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Risks and causes

Your risk of developing cancer depends on many things including age, genetics, lifestyle and environmental factors.

Anything that can increase your risk of cancer is called a risk factor.

Primary liver cancer is uncommon in the UK, but rates are increasing. There are some factors that are known to increase your risk. Having any of the below risk factors doesn’t mean that you’ll definitely develop liver cancer.

Risk factors for primary liver cancer include:

Getting older

Although liver cancer can happen at any age, it is most common in older people. Most people diagnosed are over the age of 60. The highest rates are in 85 to 89 year olds.

Liver cirrhosis

Cirrhosis is scarring of the liver due to previous damage. This scarring can cause problems with the way the liver works.

Having cirrhosis increases your risk of getting liver cancer (hepatocellular carcinoma or HCC). The risk varies depending on the cause of the cirrhosis. Cirrhosis can be caused by:

  • long term infection with a virus such as hepatitis B or C
  • long term alcohol drinking
  • inherited diseases such as iron overload disorder (haemochromatosis) and alpha 1 antitrypsin deficiency
  • non-alcoholic fatty liver disease
  • primary biliary cirrhosis (PBC)

Smoking

Smoking increases your risk of many different cancers, including liver cancer.

The risk of liver cancer is increased further if you smoke and drink a lot of alcohol. The risk might also be higher in smokers who have hepatitis B or C infection.

20 out of 100 cases of liver cancer in the UK are caused by smoking.

Body weight

Being overweight or obese increases the risk of liver cancer. Diabetes and non alcoholic fatty liver disease (see below) are more common in people who are overweight, so this may partly explain the link.

More than 20 out of 100 cases of liver cancer (20%) in the UK are caused by being overweight or obese.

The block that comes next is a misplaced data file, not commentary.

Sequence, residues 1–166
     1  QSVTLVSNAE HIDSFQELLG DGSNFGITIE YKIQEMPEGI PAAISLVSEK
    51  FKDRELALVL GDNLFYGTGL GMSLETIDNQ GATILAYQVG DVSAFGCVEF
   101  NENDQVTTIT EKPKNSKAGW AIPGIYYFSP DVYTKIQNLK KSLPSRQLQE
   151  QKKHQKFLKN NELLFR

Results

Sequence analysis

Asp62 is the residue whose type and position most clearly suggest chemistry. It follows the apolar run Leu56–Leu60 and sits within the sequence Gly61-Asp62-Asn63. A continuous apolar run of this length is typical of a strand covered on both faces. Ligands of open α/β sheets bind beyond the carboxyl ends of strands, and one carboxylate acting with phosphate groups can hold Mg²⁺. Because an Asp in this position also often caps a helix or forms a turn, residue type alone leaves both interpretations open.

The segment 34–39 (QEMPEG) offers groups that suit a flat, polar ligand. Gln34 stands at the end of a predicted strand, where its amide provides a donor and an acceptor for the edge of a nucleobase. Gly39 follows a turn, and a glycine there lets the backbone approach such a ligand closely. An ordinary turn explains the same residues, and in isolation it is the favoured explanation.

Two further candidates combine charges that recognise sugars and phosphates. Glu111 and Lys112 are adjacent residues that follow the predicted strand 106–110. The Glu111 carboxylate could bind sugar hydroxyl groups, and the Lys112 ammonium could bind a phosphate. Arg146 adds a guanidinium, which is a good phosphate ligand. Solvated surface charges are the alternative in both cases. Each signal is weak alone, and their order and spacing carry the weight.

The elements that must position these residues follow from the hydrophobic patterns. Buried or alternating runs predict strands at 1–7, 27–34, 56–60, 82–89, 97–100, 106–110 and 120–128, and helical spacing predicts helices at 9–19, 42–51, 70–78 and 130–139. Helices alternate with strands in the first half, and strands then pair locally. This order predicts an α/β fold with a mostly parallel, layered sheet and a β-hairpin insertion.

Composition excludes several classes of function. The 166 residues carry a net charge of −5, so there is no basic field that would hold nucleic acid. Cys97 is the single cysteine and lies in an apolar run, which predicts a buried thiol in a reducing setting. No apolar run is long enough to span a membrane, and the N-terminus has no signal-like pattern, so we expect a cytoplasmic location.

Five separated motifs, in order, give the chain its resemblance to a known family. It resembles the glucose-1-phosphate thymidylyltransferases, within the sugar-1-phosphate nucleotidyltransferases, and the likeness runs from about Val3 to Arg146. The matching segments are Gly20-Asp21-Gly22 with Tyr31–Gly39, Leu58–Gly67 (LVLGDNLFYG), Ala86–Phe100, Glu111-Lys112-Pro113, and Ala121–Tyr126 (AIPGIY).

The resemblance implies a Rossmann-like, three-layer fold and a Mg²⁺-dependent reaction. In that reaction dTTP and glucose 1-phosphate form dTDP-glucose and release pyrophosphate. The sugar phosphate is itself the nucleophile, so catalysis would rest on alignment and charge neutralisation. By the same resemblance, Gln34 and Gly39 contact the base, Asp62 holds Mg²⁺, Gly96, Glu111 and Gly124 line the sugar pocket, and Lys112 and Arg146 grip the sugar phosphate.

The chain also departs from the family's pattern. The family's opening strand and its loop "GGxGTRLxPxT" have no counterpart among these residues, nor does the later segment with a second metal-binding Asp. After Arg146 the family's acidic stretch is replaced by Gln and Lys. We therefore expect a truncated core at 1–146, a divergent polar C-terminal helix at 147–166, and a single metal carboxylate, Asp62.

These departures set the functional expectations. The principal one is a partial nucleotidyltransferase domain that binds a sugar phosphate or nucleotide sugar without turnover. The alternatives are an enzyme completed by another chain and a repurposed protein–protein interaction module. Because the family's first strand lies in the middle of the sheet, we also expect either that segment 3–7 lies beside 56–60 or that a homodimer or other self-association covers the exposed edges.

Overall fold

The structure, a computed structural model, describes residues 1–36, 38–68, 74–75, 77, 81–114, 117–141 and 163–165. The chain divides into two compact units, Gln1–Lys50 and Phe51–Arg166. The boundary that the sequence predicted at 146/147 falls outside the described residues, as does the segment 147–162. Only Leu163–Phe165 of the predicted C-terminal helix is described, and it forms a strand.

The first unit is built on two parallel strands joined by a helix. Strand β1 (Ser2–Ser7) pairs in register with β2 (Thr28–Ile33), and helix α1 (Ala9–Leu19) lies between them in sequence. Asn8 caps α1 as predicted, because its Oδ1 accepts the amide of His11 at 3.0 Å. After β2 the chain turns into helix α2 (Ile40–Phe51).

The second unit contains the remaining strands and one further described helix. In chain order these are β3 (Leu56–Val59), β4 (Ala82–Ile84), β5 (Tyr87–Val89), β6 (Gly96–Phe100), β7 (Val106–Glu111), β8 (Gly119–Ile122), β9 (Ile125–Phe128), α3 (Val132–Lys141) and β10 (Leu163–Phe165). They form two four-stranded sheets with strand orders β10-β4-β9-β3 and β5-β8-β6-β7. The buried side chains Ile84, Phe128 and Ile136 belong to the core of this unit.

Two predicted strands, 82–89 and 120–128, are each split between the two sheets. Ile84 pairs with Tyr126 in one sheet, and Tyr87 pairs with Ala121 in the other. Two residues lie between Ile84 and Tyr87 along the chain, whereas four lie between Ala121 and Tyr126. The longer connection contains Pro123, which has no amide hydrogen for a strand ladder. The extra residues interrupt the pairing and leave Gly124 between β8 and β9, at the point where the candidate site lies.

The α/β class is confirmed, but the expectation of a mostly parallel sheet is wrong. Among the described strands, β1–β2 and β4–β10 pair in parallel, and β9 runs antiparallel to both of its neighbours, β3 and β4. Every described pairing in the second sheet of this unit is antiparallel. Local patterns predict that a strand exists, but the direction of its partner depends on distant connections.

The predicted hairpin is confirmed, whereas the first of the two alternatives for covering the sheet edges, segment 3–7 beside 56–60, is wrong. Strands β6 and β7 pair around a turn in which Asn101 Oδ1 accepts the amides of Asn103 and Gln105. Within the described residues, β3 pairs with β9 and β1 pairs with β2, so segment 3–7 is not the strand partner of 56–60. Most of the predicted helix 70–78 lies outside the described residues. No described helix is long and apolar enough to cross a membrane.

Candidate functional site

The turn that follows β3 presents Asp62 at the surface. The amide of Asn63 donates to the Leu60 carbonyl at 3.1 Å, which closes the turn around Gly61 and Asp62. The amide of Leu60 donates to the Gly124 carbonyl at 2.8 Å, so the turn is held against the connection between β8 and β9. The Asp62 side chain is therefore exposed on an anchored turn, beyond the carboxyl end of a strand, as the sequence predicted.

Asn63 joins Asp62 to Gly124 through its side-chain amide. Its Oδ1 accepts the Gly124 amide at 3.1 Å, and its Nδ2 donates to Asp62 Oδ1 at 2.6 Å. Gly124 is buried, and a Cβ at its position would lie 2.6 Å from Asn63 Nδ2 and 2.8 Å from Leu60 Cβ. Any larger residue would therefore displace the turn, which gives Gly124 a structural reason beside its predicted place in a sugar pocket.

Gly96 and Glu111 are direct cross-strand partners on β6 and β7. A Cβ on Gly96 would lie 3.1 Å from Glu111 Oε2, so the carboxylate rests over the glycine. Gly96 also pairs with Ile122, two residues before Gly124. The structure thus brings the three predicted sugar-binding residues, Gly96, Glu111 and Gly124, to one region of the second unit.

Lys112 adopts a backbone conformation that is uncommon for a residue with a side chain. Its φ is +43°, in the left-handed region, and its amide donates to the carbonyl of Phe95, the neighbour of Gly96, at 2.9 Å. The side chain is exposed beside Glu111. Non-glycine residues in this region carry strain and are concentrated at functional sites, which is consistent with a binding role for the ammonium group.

Alcohol

Heavy alcohol use increases your risk of liver cancer. Drinking alcohol long term can cause cirrhosis of the liver, which increases the risk of liver cancer. Alcohol might also directly damage the DNA inside liver cells.

The risk of liver cancer is higher in heavy drinkers who have hepatitis B or C virus infections compared to those who drink moderate amounts of alcohol or don't drink at all.

7 out of 100 cases of liver cancer (7%) in the UK are caused by drinking alcohol.

Non alcoholic fatty liver disease

Having non alcoholic fatty liver disease increases your risk of liver cancer.

Non alcoholic fatty liver disease (NAFLD) is a group of conditions including mild hepatic steatosis and non alcoholic steatohepatitis. In these conditions fat builds up in the liver. The fat causes inflammation and damage, which might lead to cirrhosis. Non alcoholic fatty liver disease is common in people who have a group of symptoms (called metabolic syndrome), including:

  • having extra weight around the waist
  • using insulin less effectively than normal
  • high blood pressure
  • high levels of fat in the blood

Infection with hepatitis viruses

Long term infection with the hepatitis B or C virus increases the risk of developing primary liver cancer. This is mainly because these viruses cause damage to the liver (cirrhosis).